Access information pertaining to another user through mere inadvertence and the users do not appear to have acted intentionally to obtain such information. Access information pertaining to another user through mere inadvertence and the users do not appear to have acted intentionally to obtain such information. These users have all confirmed that they either did not use or were not aware of having access to the information. Also, they have all confirmed that they will not use any such information for any purpose or convey it to any third party; or
Access information of an organization with which they were affiliated. At the time of the access, they may not have been designated by that organization as an authorized user to access the information.
We can infer from this that the 60 searches, exposing 200 records, were carried out deliberately.
I asked ICANN to put a number on “limited set of user credentials” but it declined.
The breach resulted from a misconfiguration in the portal that allowed new gTLD applicants to view attachments to applications that were not their own.
ICANN knows who exploited the bug — inadvertently or otherwise — and it has told the companies whose data was exposed, but it’s not yet public.
The information may come out in future, as ICANN says the investigation is not yet over.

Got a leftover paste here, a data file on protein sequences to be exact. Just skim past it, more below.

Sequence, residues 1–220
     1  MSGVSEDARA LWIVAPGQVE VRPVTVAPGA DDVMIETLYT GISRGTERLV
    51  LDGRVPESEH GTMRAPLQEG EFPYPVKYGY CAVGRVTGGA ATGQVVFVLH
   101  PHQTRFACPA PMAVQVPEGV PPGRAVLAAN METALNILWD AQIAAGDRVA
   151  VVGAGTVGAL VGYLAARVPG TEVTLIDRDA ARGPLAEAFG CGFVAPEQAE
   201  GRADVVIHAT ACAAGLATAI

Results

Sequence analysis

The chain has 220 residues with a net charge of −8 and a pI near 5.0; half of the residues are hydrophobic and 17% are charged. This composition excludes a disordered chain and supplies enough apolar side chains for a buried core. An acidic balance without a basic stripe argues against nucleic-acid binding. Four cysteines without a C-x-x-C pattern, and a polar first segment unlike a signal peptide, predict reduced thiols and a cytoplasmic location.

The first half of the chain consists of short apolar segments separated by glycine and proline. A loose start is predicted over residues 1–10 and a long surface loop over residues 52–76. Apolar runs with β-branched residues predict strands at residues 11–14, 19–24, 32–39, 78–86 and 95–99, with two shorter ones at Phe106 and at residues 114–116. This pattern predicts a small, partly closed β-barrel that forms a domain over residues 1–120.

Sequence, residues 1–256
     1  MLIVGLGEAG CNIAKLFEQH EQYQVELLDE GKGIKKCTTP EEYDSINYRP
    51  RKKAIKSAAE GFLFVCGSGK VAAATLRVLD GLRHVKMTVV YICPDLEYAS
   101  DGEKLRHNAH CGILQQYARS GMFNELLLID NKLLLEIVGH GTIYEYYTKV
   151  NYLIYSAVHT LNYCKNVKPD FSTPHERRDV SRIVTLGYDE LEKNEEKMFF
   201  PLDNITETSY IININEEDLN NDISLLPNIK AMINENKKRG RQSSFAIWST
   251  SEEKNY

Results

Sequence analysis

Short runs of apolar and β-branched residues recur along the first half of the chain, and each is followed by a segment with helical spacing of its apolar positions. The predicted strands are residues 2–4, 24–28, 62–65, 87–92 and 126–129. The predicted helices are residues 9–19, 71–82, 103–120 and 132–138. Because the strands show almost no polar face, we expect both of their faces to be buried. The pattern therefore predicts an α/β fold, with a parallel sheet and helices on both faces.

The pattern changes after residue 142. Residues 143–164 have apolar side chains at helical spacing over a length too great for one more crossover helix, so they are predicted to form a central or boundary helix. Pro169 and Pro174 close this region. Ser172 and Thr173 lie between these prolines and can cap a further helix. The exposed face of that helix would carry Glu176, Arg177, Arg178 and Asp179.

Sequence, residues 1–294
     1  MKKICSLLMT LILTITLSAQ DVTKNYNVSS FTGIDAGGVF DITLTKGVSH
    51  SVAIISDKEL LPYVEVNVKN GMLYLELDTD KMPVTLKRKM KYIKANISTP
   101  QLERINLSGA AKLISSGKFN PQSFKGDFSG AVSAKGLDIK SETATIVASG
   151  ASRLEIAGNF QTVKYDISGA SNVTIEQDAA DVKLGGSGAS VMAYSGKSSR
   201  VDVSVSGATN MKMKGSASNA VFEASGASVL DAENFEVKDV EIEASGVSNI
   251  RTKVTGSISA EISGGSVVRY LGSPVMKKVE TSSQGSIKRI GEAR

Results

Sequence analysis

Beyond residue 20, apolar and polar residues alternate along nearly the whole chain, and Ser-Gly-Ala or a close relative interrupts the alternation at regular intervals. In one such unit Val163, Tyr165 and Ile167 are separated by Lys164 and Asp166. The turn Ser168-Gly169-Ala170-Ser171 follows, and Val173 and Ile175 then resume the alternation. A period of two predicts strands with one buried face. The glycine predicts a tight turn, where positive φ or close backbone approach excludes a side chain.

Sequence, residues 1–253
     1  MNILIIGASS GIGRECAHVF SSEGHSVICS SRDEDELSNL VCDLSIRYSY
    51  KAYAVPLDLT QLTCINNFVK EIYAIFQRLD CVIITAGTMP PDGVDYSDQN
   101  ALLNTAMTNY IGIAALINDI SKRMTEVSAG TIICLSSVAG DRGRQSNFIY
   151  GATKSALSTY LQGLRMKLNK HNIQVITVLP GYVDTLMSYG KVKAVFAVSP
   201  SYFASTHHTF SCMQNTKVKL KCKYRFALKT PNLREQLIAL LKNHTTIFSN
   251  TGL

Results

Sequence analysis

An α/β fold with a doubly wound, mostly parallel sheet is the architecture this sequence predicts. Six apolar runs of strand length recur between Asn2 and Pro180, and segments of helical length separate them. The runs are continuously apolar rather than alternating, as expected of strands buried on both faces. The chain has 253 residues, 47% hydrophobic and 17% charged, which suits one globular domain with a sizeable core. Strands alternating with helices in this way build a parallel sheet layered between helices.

Was your data exposed? Do you know who accessed it? You know what to do.
New gTLDs are not yet being widely used to carry out phishing runs, but most such attacks are concentrated in .xyz.
That’s one of the conclusions of the Anti-Phishing Working Group, which today published its report for the second half of 2014.
Phishing was basically flat in the second half of the year, with 123,972 recorded attacks.
The number of domains used to phish was 95,321, up 8.4% from the first half of the year.
However, the number of domains that were registered maliciously in order to phish (as opposed to compromised domains) was up sharply — by 20% to 27,253 names.
In the period, 272 TLDs were used, but almost 54% of the attacks used .com domains. In terms of maliciously registered domains, .com fared worse, with over 62% share.
According to APWG, 75% of maliciously registered domains were in .com, .tk, .pw, .cf and .net.
Both .tk and .cf are Freenom-administered free ccTLDs (for Tokelau and the Central African Republic) while low-cost .pw — “plagued” by Chinese phishers — is run by Radix for Palau.
New gTLDs accounted for just 335 of the maliciously registered domains — 1.2% of the total.
That’s about half of what you’d expect given new gTLDs’ share of the overall domain name industry.
Twenty-four new gTLDs had malicious registrations, but .xyz saw most of them. APWG said:
Almost two-thirds of the phishing in the new gTLDs — 288 domains — was concentrated in the .XYZ registry. (Of the 335 maliciously registered domains, 274 were in .XYZ.) This is the first example of malicious registrations clustering in one new gTLD, and we are seeing more examples in early 2015.
XYZ.com aggressively promoted cheap or free .xyz names during the period, but APWG said that only four .xyz phishing names were registered via freebie partner Network Solutions.
In fact, APWG found that most of its phishing names were registered via Xin Net and used to attack Chinese brands.